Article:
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Joseph Stalin

By Stephanie L. McKinney, PhD, Contributing Writer

13 of 14

Stalin Dies
Picture of Stalin, after his death, lying in state in the hall of Trade Union House, Moscow.

Soviet Communist leader Joseph Stalin lying in state in the hall of Trade Union House, Moscow. (March 12, 1953)

(Photo by Keystone/Getty Images)

Rebuilding and One Last Purge

In his final years, Stalin tried to reshape his image to that of a man of peace. He turned his attention to rebuilding the Soviet Union and invested in many domestic projects, such as bridges and canals – most were never completed.

While he was writing his Collected Works in an attempt to define his legacy as an innovative leader, evidence suggests that Stalin was also working on his next purge, an attempt to eliminate the Jewish population that remained in Soviet territory. This never came to pass since Stalin suffered a stroke on March 1, 1953 and died four days later.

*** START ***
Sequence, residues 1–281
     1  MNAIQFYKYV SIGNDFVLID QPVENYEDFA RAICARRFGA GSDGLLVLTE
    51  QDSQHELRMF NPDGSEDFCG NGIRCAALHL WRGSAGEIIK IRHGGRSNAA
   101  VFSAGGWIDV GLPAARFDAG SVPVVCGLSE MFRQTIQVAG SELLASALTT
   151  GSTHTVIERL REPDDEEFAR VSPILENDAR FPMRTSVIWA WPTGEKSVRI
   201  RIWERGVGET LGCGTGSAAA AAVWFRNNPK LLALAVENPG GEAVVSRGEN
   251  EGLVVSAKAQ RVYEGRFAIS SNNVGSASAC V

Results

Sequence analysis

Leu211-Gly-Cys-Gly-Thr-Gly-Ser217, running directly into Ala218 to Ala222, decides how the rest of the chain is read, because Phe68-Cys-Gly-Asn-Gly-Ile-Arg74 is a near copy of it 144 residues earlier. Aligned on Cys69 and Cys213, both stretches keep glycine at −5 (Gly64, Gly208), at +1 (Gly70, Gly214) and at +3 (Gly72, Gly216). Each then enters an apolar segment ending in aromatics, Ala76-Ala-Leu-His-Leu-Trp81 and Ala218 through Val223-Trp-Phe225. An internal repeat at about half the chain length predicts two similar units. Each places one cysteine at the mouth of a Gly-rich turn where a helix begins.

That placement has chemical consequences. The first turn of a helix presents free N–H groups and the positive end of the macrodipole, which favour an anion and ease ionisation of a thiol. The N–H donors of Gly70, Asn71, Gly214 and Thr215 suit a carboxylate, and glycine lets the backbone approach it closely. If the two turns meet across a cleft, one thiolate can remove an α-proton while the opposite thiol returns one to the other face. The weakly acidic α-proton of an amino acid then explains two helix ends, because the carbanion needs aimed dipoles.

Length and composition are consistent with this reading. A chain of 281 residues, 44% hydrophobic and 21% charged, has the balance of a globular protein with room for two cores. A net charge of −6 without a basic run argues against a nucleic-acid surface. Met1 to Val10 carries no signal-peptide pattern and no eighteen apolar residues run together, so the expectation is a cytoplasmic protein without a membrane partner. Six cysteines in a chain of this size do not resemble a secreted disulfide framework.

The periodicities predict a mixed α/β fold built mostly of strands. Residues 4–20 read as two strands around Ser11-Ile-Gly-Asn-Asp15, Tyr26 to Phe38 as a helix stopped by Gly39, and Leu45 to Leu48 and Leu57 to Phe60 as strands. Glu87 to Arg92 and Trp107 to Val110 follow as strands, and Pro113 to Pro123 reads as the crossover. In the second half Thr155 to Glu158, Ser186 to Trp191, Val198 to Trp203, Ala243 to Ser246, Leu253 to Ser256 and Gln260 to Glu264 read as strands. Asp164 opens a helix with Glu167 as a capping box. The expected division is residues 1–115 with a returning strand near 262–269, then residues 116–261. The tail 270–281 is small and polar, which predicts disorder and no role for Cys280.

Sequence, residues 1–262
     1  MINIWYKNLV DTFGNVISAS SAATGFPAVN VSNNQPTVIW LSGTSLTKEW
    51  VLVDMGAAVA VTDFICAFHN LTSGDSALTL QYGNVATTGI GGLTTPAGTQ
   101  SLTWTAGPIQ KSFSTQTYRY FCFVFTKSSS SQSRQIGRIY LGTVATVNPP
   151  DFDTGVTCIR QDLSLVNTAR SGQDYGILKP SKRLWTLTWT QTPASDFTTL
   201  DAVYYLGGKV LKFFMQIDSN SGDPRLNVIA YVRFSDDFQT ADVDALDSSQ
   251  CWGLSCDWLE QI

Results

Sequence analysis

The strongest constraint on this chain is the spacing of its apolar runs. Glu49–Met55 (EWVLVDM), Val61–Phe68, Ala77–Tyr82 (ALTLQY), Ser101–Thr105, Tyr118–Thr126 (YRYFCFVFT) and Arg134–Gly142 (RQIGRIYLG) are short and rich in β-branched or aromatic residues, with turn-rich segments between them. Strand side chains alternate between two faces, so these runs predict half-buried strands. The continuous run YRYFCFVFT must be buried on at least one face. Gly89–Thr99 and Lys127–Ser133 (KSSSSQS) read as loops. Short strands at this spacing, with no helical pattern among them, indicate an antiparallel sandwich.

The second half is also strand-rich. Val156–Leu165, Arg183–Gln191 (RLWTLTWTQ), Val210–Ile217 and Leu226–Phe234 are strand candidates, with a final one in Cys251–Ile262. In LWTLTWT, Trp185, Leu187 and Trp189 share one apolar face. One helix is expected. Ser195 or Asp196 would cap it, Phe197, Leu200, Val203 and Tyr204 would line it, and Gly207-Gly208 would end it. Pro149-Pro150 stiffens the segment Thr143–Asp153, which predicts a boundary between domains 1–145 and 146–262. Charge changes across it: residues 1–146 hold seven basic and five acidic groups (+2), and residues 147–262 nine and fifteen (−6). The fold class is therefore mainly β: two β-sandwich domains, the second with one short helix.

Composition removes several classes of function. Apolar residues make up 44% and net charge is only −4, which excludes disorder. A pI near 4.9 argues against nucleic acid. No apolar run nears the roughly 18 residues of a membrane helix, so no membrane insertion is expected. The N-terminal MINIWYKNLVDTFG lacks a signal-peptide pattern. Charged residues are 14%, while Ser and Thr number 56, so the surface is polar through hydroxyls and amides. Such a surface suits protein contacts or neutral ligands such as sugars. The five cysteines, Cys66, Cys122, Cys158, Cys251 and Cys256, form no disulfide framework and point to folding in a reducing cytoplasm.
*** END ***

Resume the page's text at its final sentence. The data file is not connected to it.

Embalmed and Put on Display

Stalin maintained his cult of personality even after his death. Like Lenin before him, Stalin’s body was embalmed and put on public display. In spite of the death and destruction he inflicted upon those he ruled, Stalin’s death devastated the nation. The cult-like loyalty he inspired remained, although it would dissipate in time.
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